Following an informational overview from the Department of Education a few weeks ago, the House Education Finance Committee took another look at Gov. Tim Walz’s Due North budget recommendations Thursday.
Sponsored by Rep. Jim Davnie (DFL-Mpls), HF1065, as amended, was held over for possible omnibus bill inclusion. The companion, SF960, awaits action by the Senate Education Finance and Policy Committee. Sen. Roger Chamberlain (R-Lino Lakes) is the sponsor.
The proposal includes new state investments of $745 million for pre-K through grade 12 education funding over the next two years. Investments include money for expanded summer learning, maintaining prekindergarten opportunities, student mental health support, American Indian education initiatives and stabilizing school district budgets.
The proposal would help address pandemic-related challenges students and schools are facing, Davnie said, adding that lawmakers bear a greater responsibility than usual to respond with the resources to help everyone get back up to speed as quickly as possible.
“It’s a moral responsibility of ours. We also have a responsibility, of course, to be smart and strategic about those investments,” he said. “The measures and steps that we can take now can really help students bounce back more quickly post-pandemic.”
The largest new investments include $301 million to increase the general education basic formula, $95.4 million to simplify school funding formulas and improve levy equalization, and $72.7 million to freeze the special education cross subsidy.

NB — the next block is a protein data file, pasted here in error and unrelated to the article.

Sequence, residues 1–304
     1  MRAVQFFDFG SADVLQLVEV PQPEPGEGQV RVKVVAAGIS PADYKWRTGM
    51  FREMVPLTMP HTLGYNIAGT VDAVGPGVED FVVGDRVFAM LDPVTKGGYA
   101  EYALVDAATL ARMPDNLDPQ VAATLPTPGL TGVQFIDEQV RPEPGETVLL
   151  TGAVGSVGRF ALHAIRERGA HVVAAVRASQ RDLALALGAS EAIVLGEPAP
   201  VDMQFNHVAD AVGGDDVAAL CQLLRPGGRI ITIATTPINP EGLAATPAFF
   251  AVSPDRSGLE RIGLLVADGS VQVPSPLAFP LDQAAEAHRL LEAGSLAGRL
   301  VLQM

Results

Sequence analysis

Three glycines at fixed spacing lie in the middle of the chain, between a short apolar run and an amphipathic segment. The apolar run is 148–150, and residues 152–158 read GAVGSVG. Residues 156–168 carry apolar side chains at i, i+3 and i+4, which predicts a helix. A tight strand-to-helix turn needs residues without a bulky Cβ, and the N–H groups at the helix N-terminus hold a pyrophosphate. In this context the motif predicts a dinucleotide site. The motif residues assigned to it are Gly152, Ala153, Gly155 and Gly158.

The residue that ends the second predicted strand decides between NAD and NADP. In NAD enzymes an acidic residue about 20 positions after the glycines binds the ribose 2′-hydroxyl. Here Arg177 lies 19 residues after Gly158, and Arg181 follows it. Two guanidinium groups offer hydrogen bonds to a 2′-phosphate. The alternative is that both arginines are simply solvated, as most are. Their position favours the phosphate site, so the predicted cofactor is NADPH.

Several testified in support of initiatives to improve student mental health services, including funds for trauma-informed professional development grants and a $46.9 million appropriation for districts to hire more support personnel.
“School support personnel, like school counselors, are in a unique position to provide the space, support and advocacy for students whose voices’ get overshadowed,” said Becky Mendoza, a school counselor at St. Paul Public Schools.
Elisabeth Lodge Rodgers, assistant superintendent at Intermediate District 287, lauded some aspects of the bill but opposed language changes to alternative learning program eligibility, as well as a funding formula change, she said would negatively impact students served in that setting.
In closing comments, Rep. Ron Kresha (R-Little Falls) said the bill wasn’t “serious,” and is unlikely to move forward in its current form. He also expressed concern that it includes policy provisions that haven’t received much discussion and that it doesn’t include measures to resume fulltime in-person classes.
“I appreciate the fact that we have this up for conversation,” he said. “But the fact that we didn’t really even get a chance to delve into questions, tells me that the seriousness of this is lacking.”